The Shape of the Mountain
Ben Marcus’ new collection Leaving the Sea is something like a mountain. Its fifteen stories are divided between six sections that roughly form a gradient of challenges to climb. It opens with four approachable stories (three of which appeared in The New Yorker and Harper’s), but from there the terrain changes quickly. The brief interviews that follow serve as the manifestos of two extremists, and up in the thinning air of section four waits “The Father Costume,” with its strange world of fabrics and sound. The apex can be found in section five, which opens with this cheeky and inventive line from “First Love”: “I could not sleep until I had labored through a regular lust application performed with motion, gesture, and languageflower.”
Leaving the Sea follows Marcus’ acclaimed 2012 novel, The Flame Alphabet, and in many ways continues its investigation of parenthood and family, of sound and language. Yet perhaps the most notable cohesion rests with architecture—the underlying structure of families, marriage, cities, bodies, and time. Set on cruise ships, in the darkness of shared hostel dorms, near lonely coffee carts in vast gymnasiums, or hidden in the depths of the earth, the locations generate an important pressure.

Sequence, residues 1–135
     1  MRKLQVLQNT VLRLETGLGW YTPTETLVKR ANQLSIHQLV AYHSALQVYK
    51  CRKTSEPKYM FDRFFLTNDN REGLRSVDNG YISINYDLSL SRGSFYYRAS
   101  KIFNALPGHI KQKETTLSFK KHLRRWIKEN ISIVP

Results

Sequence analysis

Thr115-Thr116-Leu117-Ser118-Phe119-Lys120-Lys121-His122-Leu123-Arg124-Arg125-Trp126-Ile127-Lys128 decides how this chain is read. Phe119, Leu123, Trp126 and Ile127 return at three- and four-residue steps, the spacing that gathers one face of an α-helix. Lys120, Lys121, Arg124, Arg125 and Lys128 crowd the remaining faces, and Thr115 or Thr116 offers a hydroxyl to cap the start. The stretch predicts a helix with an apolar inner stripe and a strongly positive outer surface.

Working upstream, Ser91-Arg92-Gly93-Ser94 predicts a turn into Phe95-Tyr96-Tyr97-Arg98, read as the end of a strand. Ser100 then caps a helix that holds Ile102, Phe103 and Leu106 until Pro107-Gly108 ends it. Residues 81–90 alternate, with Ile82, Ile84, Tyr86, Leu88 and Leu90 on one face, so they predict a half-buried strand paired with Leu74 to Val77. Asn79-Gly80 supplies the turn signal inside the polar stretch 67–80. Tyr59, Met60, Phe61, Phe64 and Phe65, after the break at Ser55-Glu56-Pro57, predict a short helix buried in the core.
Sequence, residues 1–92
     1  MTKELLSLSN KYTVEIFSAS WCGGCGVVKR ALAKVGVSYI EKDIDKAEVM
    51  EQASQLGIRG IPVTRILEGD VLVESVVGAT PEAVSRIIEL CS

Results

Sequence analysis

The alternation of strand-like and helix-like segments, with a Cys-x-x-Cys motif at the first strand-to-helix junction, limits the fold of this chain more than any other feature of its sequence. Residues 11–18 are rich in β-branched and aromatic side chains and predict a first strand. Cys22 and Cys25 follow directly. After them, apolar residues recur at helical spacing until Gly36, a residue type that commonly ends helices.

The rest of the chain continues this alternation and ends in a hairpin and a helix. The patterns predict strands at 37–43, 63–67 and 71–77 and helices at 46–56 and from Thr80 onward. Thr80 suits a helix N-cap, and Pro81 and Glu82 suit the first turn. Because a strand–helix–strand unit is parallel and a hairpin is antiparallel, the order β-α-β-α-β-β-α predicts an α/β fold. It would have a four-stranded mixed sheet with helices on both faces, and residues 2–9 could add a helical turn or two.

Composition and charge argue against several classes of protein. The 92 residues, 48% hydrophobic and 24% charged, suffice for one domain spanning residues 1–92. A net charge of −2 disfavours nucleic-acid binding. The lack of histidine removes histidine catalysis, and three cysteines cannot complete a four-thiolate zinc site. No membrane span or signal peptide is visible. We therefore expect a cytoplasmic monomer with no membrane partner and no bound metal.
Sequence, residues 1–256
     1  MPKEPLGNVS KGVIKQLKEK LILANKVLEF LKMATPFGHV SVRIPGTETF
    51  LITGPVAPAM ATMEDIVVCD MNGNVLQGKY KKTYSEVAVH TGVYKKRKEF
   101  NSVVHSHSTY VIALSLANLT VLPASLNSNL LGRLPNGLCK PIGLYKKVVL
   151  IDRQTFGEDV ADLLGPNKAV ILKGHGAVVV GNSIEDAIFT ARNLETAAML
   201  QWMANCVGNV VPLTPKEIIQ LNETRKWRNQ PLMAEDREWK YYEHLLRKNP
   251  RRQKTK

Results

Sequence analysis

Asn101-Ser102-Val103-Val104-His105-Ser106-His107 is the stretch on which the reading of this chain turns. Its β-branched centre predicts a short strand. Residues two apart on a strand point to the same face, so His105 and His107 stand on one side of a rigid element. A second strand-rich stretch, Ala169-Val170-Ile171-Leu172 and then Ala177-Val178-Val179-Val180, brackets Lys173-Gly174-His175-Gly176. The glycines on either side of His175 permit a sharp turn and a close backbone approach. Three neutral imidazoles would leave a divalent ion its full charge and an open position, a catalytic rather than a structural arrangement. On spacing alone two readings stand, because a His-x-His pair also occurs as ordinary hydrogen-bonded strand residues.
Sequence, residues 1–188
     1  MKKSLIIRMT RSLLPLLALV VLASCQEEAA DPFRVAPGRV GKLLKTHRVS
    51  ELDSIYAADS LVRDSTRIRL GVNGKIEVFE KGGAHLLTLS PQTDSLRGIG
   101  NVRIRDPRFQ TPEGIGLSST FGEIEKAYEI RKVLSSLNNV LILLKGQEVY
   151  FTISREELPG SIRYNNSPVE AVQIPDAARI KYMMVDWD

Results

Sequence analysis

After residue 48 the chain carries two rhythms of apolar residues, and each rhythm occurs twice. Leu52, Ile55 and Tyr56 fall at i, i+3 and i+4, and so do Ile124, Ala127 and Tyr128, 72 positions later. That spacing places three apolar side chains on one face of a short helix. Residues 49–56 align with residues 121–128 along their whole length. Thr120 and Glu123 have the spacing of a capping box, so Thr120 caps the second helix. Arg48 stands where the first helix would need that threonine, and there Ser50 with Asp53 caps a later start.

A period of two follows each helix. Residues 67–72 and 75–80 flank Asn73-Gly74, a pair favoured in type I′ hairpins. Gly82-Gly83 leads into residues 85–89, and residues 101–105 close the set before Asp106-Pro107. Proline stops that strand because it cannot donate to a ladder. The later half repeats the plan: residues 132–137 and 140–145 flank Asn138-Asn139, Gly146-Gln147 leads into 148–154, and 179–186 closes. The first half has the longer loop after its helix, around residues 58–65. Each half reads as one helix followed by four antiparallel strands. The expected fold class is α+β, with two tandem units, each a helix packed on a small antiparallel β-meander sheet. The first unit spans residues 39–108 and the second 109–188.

Marcus’ ability to manage everything from the larger formal constructions to the shape of the scenes and sentences is impressive, but not surprising. He has long advocated literature that spurs and enlarges our desires without seeming “desperate to please us,” as he put it in a 2005 Harper’s essay on experimental fiction (and Jonathan Franzen), and this collection embodies that philosophy.